A: I hope his legacy is that he took on an enormous and some might say impossible challenge and met that challenge with grace, dignity, professionalism, and proficiency. Of all of us who were challenged by Detroit’s insolvency, he had the most challenging and difficult job of all.
Q: How much credit does Gov. Snyder get for authorizing the bankruptcy?
A: A lot of people maintain that it was a very courageous thing for him to do and that it was something his predecessors were not willing to do and did not do. From an economic or fiscal perspective, it doesn’t seem to me it was a very hard decision. As I’ve said, it should have been made a long time ago. Politically, on the other hand, I’m sure it was hard for him.
Q: When did you first hear about the concept of the grand bargain?
A: I remember Judge Rosen sketching it out for me in the broadest details after he had the parties on board in concept, but I’m not sure I can tell you precisely when that was.
Q: Mr. Orr has said he was skeptical at the beginning. Some people withheld judgment. What was your initial reaction? Did you think it was doable?
A: I had no basis to judge that other than the optimism that Judge Rosen was exuding. He was optimistic about it from the beginning, and so was I.
Q: It’s well established at this point that cities cannot be forced to sell assets in municipal bankruptcy.
A: Yes, that’s true.
Q: What would have happened had Kevyn Orr decided selling DIA property was necessary?
A: I would have needed to be persuaded.
Q: Because you said in your opinion the DIA and the attorney general would be more likely to prevail if there was to be an argument over this in court.
A: Not only was I persuaded of that, I was also persuaded of the necessity of maintaining the DIA and the art in the DIA intact to assist in the city’s revitalization.
Q: There were many who said we should prioritize pensions or services over keeping an admittedly wonderful art collection. How did you balance that from a philosophical and judicial perspective?
A: I understood that perfectly well. But here’s the thing about bankruptcy. Bankruptcy requires shared sacrifice. And the deeper truth than that immediate one that they were trying to express is simply this: Without a revitalized city, any pension promises that the city might make would be impaired.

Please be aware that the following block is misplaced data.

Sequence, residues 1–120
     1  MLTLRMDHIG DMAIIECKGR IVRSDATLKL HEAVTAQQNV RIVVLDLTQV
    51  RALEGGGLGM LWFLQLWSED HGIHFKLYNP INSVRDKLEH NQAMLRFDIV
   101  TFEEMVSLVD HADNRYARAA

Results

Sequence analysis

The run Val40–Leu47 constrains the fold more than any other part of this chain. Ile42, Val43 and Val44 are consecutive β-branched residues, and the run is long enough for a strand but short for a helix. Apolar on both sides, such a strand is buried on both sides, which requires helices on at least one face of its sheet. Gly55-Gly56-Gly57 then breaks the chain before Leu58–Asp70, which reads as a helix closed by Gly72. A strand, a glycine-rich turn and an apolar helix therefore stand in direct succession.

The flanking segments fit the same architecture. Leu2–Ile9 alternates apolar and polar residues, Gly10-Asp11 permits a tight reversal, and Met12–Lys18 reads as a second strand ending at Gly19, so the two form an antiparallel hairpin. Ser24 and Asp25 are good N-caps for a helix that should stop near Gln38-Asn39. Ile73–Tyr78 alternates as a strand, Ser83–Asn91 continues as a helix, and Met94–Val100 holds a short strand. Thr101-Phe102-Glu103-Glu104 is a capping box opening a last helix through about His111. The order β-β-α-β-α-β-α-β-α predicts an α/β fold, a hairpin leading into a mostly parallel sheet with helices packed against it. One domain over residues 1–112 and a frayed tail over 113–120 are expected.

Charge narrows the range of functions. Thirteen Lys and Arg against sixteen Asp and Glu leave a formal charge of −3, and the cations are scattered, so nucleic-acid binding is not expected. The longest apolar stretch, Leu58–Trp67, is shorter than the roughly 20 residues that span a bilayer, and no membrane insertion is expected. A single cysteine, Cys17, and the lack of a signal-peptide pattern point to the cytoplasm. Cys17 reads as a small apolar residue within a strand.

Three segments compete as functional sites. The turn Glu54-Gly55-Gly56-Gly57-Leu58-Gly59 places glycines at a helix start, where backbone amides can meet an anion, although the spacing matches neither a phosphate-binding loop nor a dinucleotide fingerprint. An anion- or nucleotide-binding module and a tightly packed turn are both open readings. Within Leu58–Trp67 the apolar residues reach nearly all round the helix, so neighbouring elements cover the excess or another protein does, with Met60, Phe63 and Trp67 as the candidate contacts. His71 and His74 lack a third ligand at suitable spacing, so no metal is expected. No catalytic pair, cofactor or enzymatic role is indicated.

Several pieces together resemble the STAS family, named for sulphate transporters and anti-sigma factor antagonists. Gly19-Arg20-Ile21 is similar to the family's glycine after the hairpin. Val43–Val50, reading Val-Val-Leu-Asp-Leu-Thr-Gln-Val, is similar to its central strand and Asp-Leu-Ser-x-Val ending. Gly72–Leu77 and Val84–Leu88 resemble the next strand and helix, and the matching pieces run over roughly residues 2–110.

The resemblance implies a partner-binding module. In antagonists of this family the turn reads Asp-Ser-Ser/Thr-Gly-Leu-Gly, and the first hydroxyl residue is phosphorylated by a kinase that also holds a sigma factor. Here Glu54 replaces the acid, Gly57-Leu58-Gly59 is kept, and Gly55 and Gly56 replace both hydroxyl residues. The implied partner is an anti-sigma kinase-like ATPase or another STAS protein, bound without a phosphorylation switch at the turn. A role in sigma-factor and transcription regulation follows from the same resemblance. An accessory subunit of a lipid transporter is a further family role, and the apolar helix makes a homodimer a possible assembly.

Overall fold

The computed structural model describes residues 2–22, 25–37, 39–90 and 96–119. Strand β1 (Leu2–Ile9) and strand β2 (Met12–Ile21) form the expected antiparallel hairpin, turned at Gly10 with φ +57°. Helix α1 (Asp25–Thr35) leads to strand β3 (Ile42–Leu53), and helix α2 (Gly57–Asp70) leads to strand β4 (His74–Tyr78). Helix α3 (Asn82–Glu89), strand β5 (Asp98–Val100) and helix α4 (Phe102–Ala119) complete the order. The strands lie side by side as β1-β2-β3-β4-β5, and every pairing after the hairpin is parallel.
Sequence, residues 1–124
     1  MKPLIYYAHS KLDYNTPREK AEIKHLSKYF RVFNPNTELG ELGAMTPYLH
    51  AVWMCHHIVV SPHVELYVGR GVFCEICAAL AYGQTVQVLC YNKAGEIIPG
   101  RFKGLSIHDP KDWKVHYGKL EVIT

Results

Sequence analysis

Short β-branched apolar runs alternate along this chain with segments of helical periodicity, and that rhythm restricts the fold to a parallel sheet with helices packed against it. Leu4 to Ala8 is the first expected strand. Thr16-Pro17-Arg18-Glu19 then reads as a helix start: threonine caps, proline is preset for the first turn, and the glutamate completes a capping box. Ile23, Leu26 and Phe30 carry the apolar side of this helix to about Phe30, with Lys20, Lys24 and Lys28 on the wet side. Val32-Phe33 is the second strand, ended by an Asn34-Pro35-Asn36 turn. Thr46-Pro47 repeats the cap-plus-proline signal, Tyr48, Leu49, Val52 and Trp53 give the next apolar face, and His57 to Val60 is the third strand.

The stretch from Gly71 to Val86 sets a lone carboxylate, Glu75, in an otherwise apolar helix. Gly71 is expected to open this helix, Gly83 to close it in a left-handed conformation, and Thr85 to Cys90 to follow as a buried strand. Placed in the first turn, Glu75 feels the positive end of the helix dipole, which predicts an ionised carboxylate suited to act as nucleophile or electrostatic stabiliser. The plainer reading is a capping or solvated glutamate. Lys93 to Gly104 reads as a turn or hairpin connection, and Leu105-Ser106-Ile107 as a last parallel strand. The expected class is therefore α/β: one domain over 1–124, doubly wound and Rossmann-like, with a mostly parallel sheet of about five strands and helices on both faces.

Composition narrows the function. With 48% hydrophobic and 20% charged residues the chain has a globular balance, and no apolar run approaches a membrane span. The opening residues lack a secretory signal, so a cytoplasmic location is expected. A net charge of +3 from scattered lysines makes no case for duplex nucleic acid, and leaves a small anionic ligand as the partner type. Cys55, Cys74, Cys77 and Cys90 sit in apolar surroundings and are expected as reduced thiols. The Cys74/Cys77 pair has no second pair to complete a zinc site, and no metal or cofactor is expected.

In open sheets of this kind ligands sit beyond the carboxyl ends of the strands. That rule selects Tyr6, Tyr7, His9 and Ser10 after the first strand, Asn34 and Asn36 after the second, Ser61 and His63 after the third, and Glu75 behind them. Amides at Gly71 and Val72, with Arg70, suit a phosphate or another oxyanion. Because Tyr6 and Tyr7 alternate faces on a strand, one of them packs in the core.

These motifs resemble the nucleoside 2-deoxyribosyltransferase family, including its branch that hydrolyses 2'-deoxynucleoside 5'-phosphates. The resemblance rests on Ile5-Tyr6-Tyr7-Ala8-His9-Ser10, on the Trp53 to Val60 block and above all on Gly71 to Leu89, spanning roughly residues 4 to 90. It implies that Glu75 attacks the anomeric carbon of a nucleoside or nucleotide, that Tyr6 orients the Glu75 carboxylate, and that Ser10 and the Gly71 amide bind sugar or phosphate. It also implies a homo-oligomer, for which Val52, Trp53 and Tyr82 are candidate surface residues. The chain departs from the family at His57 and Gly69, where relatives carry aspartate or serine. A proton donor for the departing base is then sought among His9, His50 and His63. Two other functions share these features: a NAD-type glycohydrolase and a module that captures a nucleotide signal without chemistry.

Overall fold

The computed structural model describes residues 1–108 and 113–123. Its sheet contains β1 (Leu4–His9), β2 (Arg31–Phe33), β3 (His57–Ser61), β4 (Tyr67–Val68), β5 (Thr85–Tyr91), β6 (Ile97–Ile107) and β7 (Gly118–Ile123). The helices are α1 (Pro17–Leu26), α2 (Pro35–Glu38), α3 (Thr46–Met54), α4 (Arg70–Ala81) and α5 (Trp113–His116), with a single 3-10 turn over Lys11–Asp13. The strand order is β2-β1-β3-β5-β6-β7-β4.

A revitalized city was essential to any long-term promises that the city might make to any creditor, including the pensioners.
Q: Were there nights where you thought, I am going to have to cram down something here?
A: Oh yeah. I believed that until the last creditor settlement. Until FGIC and Syncora settled — those were the last two — I assumed and believed that they would not settle and that I would have to consider the city’s request to cram down the plan over their objections.
Q: Syncora in particular waged an extremely aggressive campaign against the city. At one point you even told both sides to stop using war analogies because it had gotten so intense. What did you make of their strategy?
A: They argued zealously, but they always did it with civility. And their arguments were well argued, well structured, well organized, well presented. They were really good lawyers. So I had no problems with the zealousness with which they advocated their position.
Q: Of course at the end of the case, when they attacked the ethics of the mediators, you were extremely upset.
A: I was. I felt that was totally unjustified. And I struck it, and I was prepared to consider sanctions until they apologized for it.
Q: How close did you come to sanctions?
A: Well, I would have been interested in what they had to say on why they shouldn’t have been sanctioned. But I felt like sanctions should be given very serious considerations and not minor sanctions either.
Q: How taxing was this case for you personally?
A: There were obviously times when it was extremely taxing for me personally. It was, for stretches and sometimes long stretches, very intense.
Q: We were all at news conferences where Judge Rosen was present and in some ways he was much more visible as a mediator than a lot of people expected. Were you worried about that at all?
A: Judge Rosen is a political animal in a way that I totally am not. So I had complete faith and trust in his political judgments as to what he felt he needed to do to fulfill his obligations as a mediator.
When I appointed him and he agreed to be appointed, I told him that his deliverable to me was a confirmable plan of adjustment in this case and he delivered that.
Q: How much did you coordinate with Judge Rosen during the case and how much did you know about what was happening in mediation?
A: At the beginning of the case, we agreed on two basic principles. The first was, I would keep pedal to the metal in litigation, and he would keep pedal to the metal in mediation, and we would run them in parallel with one important exception. If he recommended to me that I let off on the gas and apply the brakes to litigation, I would do that. I would follow his recommendation when he thought that would facilitate settlement.
There were also times when he thought it would facilitate mediation for me to advance litigation and to hold a hearing and to ask the hard questions of the lawyers to get them to realize what the strengths and weaknesses of their case were. I would do that.